NFP Methods Comparison Chart

Natural family planning is not “one thing.”

Natural family planning methods (also known as fertility awareness or fertility awareness based methods of family planning) differ in a couple important ways:

  • which fertile signs are tracked,
  • how they are tracked, and
  • how fertile and infertile observations are used to identify the fertile phase or fertile period (the “rules” the method uses to determine whether any given day in the women’s cycle is a “fertile day” or an “infertile day,” and thus predict whether or not sexual intercourse on that day could result in a pregnancy.)

There are perhaps a surprising number of ways a woman can track their fertility, and there is no one “best” method for all women, all the time.

Many women, in fact, use different methods at different times in their life, as their circumstances change. Choosing which method of natural family planning will be the best fit for you is a personal and practical choice.

I’m a Marquette Method instructor, which is an NFP method which is based in measuring hormone levels (estrogen and LH, specifically) via urine tests.

Women using the Marquette Method also have the option to include other fertile signs into the observation routine, such as basal body temperature (BBT) readings, cervical mucus observations, and urinary progesterone tests. (For a full explanation of the Marquette Method protocol options, consult my Marquette Method Guide.) 

marquette method vs creighton vs billings

NFP Methods Comparison Chart

The NFP methods comparison table below outlines some of the major similarities and differences between different modern NFP methods, according to the fertile signs that each NFP method tracks.

Single-Check vs. Double-Check or Cross-Check Methods of NFP

Some fertility awareness methods, such as the Creighton Model and the Billings Ovulation Method, track only one fertile sign (cervical secretions.)

Other methods, sometimes called double-check or cross-check methods of NFP, track multiple signs concurrently. Symptothermal methods include the Couple to Couple League, Serena, Sensiplan, and SymptoPro.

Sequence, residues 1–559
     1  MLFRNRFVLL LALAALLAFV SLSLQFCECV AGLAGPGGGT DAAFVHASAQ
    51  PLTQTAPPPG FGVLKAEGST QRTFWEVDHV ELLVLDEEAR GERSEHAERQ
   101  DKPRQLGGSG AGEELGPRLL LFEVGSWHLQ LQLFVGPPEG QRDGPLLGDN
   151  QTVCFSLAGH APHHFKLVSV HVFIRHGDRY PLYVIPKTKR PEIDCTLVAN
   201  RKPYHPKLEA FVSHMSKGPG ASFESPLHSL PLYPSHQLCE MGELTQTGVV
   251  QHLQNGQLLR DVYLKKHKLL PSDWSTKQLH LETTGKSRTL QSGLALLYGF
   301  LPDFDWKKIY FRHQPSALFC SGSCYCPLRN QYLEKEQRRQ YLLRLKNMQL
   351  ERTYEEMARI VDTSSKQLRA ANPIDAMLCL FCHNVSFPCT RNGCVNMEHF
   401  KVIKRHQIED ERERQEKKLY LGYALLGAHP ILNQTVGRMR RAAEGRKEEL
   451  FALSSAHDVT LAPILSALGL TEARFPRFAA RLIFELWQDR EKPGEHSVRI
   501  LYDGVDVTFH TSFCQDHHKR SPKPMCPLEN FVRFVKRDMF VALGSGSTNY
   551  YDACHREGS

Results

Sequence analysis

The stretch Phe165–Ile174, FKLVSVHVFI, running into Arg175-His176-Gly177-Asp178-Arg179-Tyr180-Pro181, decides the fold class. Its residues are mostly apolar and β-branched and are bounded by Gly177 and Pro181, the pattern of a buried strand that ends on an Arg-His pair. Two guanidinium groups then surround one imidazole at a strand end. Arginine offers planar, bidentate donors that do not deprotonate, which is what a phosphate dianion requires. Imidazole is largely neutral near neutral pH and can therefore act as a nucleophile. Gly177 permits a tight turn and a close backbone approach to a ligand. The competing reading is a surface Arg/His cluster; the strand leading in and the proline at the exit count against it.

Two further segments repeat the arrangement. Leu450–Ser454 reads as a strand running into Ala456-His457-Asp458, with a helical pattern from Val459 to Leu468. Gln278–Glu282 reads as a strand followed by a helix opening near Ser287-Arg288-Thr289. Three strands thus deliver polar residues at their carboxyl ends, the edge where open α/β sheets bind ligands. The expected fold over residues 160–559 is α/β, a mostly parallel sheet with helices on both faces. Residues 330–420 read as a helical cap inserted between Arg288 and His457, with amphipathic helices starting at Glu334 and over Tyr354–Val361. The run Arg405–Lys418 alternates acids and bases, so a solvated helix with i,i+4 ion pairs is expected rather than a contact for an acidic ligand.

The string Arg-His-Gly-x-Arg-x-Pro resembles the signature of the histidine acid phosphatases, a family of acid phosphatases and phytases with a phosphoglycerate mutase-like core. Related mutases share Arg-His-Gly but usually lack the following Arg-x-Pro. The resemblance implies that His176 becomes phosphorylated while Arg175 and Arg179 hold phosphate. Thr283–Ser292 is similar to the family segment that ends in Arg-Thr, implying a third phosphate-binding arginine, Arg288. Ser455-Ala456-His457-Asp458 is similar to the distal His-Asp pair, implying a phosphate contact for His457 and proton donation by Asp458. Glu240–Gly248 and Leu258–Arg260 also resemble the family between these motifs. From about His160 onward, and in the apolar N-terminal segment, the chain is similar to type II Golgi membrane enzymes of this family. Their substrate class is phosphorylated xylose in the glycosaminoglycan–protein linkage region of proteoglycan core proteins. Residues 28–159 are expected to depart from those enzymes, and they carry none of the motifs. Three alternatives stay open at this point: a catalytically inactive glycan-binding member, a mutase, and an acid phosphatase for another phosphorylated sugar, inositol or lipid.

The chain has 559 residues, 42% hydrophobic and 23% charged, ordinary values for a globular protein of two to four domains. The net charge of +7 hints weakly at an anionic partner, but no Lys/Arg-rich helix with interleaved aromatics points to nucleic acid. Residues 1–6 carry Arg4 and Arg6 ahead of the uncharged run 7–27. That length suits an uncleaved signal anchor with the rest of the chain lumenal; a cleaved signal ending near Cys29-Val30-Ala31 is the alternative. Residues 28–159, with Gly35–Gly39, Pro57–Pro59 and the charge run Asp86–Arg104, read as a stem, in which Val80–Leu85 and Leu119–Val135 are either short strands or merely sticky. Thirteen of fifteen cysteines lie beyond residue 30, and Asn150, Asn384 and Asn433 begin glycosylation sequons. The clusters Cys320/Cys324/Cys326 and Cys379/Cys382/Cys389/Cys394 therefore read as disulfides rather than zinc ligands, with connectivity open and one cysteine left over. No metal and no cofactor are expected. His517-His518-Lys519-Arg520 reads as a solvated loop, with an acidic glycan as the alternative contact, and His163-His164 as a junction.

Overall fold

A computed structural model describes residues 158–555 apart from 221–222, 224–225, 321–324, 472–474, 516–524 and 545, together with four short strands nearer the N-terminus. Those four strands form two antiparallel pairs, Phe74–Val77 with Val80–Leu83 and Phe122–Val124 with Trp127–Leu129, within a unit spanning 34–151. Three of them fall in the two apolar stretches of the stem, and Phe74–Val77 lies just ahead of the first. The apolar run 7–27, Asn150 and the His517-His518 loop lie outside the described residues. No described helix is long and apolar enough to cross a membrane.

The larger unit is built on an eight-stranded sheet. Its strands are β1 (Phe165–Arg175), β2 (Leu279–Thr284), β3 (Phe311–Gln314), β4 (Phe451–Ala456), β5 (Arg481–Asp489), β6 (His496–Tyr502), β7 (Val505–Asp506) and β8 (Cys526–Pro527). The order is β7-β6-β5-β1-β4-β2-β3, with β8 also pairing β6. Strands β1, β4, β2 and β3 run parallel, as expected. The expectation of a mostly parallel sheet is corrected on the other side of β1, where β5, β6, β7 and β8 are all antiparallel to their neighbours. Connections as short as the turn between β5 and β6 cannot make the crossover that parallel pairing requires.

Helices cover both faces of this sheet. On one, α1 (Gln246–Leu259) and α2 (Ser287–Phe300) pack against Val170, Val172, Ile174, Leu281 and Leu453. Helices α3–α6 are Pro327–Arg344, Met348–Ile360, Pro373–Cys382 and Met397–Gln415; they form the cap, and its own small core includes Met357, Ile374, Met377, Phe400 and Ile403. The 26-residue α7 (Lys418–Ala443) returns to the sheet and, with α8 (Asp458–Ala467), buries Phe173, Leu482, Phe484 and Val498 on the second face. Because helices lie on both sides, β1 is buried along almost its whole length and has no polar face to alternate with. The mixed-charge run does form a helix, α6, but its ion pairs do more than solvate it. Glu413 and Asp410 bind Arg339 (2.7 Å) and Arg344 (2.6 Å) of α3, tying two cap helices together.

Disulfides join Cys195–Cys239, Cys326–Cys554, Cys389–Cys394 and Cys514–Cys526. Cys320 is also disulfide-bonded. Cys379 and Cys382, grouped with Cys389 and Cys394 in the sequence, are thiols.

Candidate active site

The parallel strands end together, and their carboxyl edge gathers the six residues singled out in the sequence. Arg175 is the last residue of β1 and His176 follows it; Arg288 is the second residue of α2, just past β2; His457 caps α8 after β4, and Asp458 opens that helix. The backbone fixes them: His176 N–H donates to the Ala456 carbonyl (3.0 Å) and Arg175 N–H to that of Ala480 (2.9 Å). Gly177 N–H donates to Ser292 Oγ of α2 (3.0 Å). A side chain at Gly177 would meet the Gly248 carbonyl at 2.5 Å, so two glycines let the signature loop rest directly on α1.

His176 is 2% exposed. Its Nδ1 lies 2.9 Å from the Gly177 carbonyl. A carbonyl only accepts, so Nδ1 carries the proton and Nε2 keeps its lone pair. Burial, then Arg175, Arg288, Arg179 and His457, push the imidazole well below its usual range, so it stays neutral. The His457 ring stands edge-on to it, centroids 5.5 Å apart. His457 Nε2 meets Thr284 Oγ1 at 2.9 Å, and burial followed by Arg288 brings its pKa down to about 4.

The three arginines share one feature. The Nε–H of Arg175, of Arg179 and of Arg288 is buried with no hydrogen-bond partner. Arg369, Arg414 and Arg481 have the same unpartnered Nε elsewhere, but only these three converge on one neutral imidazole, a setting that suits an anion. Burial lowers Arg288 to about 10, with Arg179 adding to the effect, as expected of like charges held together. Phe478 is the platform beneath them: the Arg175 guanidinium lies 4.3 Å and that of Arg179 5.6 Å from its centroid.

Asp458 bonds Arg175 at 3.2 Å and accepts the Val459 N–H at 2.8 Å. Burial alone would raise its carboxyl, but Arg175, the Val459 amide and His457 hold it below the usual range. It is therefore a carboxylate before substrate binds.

The Marquette Method is somewhat unique in that it relies on testing and tracking hormone levels directly, through at-home urine tests which measure estrogen and LH levels, but Marquette Method users can also opt to include a variety of optional signs into their testing routine, including urinary progesterone tests, basal body temperatures, and cervical mucus observations.

Categorizing NFP Methods by Type

This page focuses on some of the most popular methods of natural family planning (NFP) but you should also know that it’s possible to categorize natural family methods into 4 broad categories:

  • calendar-based methods
  • mucus-only methods
  • symptothermal methods
  • symptohormonal methods

If you’re new to natural family planning we encourage you to read our Beginner’s Guide to Natural Family Planning (NFP) which is written for couples who aren’t already familar with the landscape of NFP.

In that guide, you’ll find three parts:

Part 1: What is NFP and How it Works
Part 2: Different Types of NFP
Part 3: The Spiritual Side of NFP (A.k.a. Why Catholics Use NFP)


Which Methods of NFP Track Which Fertile Signs?

Estrogen Levels (Urinary Hormones) | Marquette Method Only

The Marquette Method of Natural Family Planning (NFP) is the only method that uses urinary estrogen levels as a primary indicator of fertility. Clearblue Fertility Monitor Test Sticks measure estrogen and LH levels concurrently, and these results are interpreted by the Clearblue Fertility monitor.

Currently, Clearblue monitors are the only fertility monitors on the market which test urinary estrogen levels. The Mira Fertility Plus system also tracks estrogen levels, and a preliminary nfp study has been published on the ease of use, user satisfaction, and accuracy of the Mira system vs. the Clearblue system (Bouchard, Fehring & Mu, 2021).

Luteinizing Hormone (LH) Levels (Urinary Hormones) | Marquette Method, FEMM (Optional)

At the end of the pre-ovulatory phase of the menstrual cycle, woman experience a surge in luteinizing hormone (LH) levels. This “LH surge” precedes ovulation by 24-36 hours. The LH surge causes the follicle to break open and release a mature egg.